Missouri's Wannette Smith (31) pushes past Georgia's Tiaunna Briggans (24) during their 78-65 victory over Georgia in the second round of the NCAA East Regionals.
March 18, 2001
By PAUL NEWBERRY
AP Sports Writer
ATHENS, Ga. - When the final horn sounded, Kelly Miller buckled over as if she had been punched in the stomach. Coco Miller gnawed at her jersey and fought back tears as she trotted off the court.
For Georgia's twin stars, the last college game was a most stunning loss.
Amanda Lassiter scored 22 points and 10th-seeded Missouri upset the second-seeded Lady Bulldogs 78-65 Sunday in the second round of the NCAA East Regional.
The Lady Bulldogs (27-6) felt they deserved a No. 1 seed but couldn't even get by the subregional on their home court.
Missouri (22-9) snapped Georgia's 24-game winning streak at Stegeman Coliseum and became the first road team to win an NCAA game at Athens since 1990.
"The whole team played hard," Coco Miller said, choking with emotion at the postgame news conference. "It's just too bad it had to end like this."
The Millers made it to the Final Four as sophomores but never got back. The Lady Bulldogs were beaten in the regional final a year ago and then watched Missouri pull away in the second half to hand Georgia the most surprising NCAA loss in school history.
"I just don't think we were playing up to our potential at all," said Kelly, a two-time All-American who started all 131 games in her college career. "We never had a great game this year."
Sitting side-by-side in the locker room, the Millers said it was too early to ponder the next stage in their lives. They have always played together - youth leagues, high school, four years at Georgia - but there's no guarantee they'll wind up on the same team in the WNBA.
"We haven't really spoken about that," Coco said. "We don't have to say much. We know what the other one is thinking."
Kelly Miller was held to 11 points on 5-of-16 shooting, while her sister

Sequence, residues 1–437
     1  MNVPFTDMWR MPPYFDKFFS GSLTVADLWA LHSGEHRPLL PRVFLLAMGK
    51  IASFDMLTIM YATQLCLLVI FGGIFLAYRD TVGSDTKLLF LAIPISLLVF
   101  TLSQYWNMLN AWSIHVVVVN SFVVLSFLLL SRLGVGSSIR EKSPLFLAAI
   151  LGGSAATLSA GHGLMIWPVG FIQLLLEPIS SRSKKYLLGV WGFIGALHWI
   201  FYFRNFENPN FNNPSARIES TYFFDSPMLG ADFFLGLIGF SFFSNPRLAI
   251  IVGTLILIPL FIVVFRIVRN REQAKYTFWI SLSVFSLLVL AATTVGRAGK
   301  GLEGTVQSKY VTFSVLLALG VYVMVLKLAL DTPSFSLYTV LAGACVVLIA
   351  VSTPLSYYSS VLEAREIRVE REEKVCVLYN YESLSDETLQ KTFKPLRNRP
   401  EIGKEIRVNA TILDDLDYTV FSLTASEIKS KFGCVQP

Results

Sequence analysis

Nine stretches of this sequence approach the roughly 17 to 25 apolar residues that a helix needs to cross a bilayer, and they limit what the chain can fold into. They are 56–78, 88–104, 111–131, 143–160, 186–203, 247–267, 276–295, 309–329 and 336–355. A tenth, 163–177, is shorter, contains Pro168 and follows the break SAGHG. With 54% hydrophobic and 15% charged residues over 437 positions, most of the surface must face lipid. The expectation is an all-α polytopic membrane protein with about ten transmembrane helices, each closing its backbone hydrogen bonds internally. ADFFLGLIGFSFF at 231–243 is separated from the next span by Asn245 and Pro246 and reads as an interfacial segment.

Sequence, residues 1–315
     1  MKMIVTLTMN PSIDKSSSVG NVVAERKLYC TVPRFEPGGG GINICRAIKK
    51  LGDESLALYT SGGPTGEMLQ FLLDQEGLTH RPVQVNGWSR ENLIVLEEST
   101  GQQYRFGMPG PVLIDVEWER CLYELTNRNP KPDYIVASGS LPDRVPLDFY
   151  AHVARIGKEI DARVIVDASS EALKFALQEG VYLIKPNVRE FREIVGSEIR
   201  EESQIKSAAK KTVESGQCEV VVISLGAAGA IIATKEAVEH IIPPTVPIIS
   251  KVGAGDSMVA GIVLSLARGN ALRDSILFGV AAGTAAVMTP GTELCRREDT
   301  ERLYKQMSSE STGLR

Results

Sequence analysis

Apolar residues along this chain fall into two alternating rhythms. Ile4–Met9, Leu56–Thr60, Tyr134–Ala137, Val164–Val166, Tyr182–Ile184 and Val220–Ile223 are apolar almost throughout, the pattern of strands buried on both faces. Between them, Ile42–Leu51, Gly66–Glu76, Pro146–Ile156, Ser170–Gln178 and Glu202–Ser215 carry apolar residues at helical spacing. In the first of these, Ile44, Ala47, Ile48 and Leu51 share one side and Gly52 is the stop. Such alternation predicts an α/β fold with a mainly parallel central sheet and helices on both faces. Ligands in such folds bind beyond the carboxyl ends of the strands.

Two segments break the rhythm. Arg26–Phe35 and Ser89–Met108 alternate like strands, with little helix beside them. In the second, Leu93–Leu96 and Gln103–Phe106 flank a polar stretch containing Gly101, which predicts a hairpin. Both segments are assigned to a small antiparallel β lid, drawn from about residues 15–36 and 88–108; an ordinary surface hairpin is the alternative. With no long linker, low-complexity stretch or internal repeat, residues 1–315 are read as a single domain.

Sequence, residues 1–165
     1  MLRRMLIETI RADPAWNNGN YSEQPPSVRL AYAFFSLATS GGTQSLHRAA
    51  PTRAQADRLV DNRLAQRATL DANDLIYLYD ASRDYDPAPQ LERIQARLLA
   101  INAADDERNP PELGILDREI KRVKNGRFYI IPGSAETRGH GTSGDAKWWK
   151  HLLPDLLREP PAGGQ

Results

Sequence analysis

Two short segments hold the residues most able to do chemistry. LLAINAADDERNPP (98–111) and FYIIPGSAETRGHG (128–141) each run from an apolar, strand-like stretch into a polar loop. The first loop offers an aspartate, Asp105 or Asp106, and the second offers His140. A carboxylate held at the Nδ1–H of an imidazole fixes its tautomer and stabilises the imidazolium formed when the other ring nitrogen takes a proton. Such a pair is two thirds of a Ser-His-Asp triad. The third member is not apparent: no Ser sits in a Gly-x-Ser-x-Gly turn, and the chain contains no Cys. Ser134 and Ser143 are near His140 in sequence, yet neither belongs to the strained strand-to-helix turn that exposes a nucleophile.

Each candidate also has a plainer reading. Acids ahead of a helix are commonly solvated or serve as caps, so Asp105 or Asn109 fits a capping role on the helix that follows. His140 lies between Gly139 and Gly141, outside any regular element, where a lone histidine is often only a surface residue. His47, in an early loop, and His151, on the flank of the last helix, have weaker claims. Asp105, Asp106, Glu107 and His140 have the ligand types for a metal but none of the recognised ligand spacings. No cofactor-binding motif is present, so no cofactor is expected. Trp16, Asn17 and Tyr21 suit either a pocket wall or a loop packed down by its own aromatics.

made only 5-of-15 attempts for 10 points.
Missouri moved on to the regional semifinals at Pittsburgh, advancing to the third round for the first time in school history.
"We came in confident, knowing we could compete with Georgia," Lassiter said. "We didn't want to seem timid. We wanted to get them out of their comfort zone and control the tempo."
Lassiter hit four 3-pointers and had seven rebounds and six steals. Marlena Williams added 19 points for the Tigers, who until this year had not won an NCAA game since 1986.
"I'm not really big on history myself," coach Cindy Stein said. "This has more to do with the present. We don't want to be satisfied with this game."
Missouri led 35-33 at the half and slowly pulled away to a 57-44 lead on Evan Unrau's basket with 8:51 remaining.
Georgia cut the deficit to 57-52, but Williams converted a three-point play after Lassiter stole an outlet pass off a rebound.
"It was huge," Stein said. "Pep (Williams' nickname) has been playing like that all year. The prime-time players were on the floor."
Lassiter followed with a 3-pointer to push the lead back to double figures and the Lady Bulldogs never got closer than eight points.
Until this year, Georgia's most shocking home tournament defeat came 11 years ago to seventh-seeded Arkansas. Overall, the Lady Bulldogs have lost only three times in 23 NCAA games at Stegeman Coliseum.
Coincidentally, Georgia also lost to Missouri in the NCAA men's tournament Thursday.
"Our kids played hard," Lady Bulldogs coach Andy Landers said. "They probably did the best they could today."
Missouri beat the Lady Bulldogs at their own game, forcing 19 turnovers to set up 23 points. The Tigers did a good job of handling Georgia's high-intensity, man-to-man defense.
After running and gunning in the first half, Missouri slowed the pace over the final 20 minutes.
The Tigers repeatedly fooled Georgia with inbound plays and feeds inside. Missouri was also strong on the boards, collecting 14 offensive rebounds to set up 14 points.
"They beat us to a lot of balls," Landers said. "They made some hustle plays that I would have liked to have seen our kids make."
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